Working Papers

Sponsored Product Ads, Algorithmic Pricing, and More Harmless Collusion

Preliminary draft available upon request

Analyzing Healthcare Price Transparency: Will Patients Shop for Services More Effectively?

with Ron Berman. Under Review

Abstract

Recently, the US mandated healthcare price transparency to facilitate easier comparison of healthcare prices. However, the potential effectiveness of this policy is an open question. We use a large-scale health insurance claims dataset to estimate the potential maximum savings from price transparency. We focus on short-term, demand-side estimates, where patients can shop around and switch to cheaper providers. We analyze the set "shoppable" services whose price information must be reported online. Initially, our data points to a large potential for savings due to a large degree of price dispersion. However, when viewed from the consumer shopping perspective, even the most optimistic estimates of potential savings become limited. The reasons are that the location and insurance network of the patient, the structure of healthcare insurance payments, and the information made available by the transparency rule lower patients’ incentive to save. We find that the best-case scenario for patients’ out-of-pocket savings from price - shopping is 3% of the total cost on average. Our analysis suggests that the existing estimates in the literature might be overestimated, as they overlook the consumer shopping perspective. Hence, patients’ potential savings and the demand-side impact of the transparency rule might not be as impactful as initially hoped for.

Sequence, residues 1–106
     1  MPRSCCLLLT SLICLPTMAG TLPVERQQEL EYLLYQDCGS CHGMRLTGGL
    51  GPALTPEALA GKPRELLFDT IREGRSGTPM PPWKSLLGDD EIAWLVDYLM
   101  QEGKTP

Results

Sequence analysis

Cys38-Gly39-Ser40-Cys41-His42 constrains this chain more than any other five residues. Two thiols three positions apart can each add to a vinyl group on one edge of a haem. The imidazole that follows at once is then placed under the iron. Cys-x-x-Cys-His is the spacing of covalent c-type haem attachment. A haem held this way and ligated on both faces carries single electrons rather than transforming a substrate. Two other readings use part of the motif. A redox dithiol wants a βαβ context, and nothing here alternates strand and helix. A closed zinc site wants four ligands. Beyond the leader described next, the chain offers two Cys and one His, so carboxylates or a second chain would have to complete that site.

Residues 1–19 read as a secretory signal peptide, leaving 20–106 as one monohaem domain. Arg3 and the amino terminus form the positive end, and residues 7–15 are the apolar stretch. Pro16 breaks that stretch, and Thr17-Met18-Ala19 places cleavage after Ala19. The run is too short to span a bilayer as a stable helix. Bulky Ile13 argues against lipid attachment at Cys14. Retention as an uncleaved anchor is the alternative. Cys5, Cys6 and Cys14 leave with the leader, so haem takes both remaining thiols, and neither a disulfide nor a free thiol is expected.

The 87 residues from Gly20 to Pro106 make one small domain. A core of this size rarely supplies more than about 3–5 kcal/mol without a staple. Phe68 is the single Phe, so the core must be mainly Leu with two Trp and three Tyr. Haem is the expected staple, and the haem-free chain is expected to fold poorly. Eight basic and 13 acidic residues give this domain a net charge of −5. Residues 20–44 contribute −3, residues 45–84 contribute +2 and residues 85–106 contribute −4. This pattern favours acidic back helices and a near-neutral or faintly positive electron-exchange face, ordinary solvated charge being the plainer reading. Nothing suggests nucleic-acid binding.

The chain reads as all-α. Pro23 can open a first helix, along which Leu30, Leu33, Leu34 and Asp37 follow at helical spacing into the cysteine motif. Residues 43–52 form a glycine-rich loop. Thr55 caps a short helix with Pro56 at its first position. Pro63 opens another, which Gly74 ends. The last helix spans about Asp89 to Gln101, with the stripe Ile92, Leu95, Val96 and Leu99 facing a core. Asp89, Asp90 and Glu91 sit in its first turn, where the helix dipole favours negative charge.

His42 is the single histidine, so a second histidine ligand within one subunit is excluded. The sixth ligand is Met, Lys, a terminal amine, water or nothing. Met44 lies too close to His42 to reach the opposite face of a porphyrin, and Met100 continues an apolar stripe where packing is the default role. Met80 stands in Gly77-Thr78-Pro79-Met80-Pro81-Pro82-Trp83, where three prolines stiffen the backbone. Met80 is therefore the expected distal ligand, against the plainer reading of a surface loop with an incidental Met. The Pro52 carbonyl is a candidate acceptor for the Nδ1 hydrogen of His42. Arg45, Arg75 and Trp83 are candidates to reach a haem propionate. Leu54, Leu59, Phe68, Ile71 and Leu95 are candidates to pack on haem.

Strategic Recommendation Algorithms: Overselling and Demarketing Information Designs

with Ron Berman and Yi Zhu. Major Revision at Marketing Science

Abstract

We analyze recommendation algorithms that firms can engineer to strategically provide information to consumers about products with uncertain matches. Monopolists who cannot alter prices can design recommendation algorithms to oversell the product instead of algorithmically recommending perfectly matching products. However, when prices are endogenous or when competition is rampant, firms opt to lower their persuasive claims and instead choose to fully reveal the product’s match (i.e., maximize recall and precision). As competition strengthens, the algorithms will shift to demarket their products in order to soften competition. When a platform designs a recommendation algorithm for products sold by third party sellers we find that overselling is not an equilibrium strategy of the platform, but demarketing might be. Overselling entails designing an algorithm that recommends badly fitting products to consumers, which would lower the consumers’ ex-ante willingness to pay, and thus increase competition among the sellers and lower the platform’s profit. Demarketing, in contrast, softens the competition among sellers from the information perspective, which can be lucrative for the platform.

Ridge Distributions and Information Design in Simultaneous All-Pay Auction Contests

with Zhonghong Kuang and Jie Zheng. Major Revision at Games and Economic Behavior

Abstract

Two contestants informed of their own type compete in a contest, and the organizer ex-ante designs a public anonymous disclosure policy to maximize contestants’ total effort. While a mildly-correlated posterior leads to an efficient equilibrium with maximized surplus, a sufficiently-positively-correlated posterior achieves exploitation with zero contestant equilibrium payoff. We define and fully characterize ridge distributions, under which the equilibrium is both efficient and exploitative. Whenever a partial disclosure policy is optimal, it generates at least one posterior from ridge distributions. With a prior of sufficiently positive correlation, the optimal policy is both efficient and exploitative; otherwise, it is neither efficient nor exploitative.